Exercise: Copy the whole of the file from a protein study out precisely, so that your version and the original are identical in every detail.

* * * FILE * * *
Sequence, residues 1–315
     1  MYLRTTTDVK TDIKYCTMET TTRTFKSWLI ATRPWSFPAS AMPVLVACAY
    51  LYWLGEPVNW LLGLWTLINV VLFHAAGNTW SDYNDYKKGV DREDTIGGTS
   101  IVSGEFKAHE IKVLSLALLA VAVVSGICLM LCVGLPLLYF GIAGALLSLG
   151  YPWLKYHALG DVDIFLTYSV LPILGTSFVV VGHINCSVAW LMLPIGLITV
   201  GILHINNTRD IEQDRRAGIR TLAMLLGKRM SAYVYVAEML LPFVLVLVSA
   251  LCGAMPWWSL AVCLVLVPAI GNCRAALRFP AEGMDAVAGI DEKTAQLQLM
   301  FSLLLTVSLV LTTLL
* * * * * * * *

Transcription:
Sequence, residues 1–315
     1  MYLRTTTDVK TDIKYCTMET TTRTFKSWLI ATRPWSFPAS AMPVLVACAY
    51  LYWLGEPVNW LLGLWTLINV VLFHAAGNTW SDYNDYKKGV DREDTIGGTS
   101  IVSGEFKAHE IKVLSLALLA VAVVSGICLM LCVGLPLLYF GIAGALLSLG
   151  YPWLKYHALG DVDIFLTYSV LPILGTSFVV VGHINCSVAW LMLPIGLITV
   201  GILHINNTRD IEQDRRAGIR TLAMLLGKRM SAYVYVAEML LPFVLVLVSA
   251  LCGAMPWWSL AVCLVLVPAI GNCRAALRFP AEGMDAVAGI DEKTAQLQLM
   301  FSLLLTVSLV LTTLL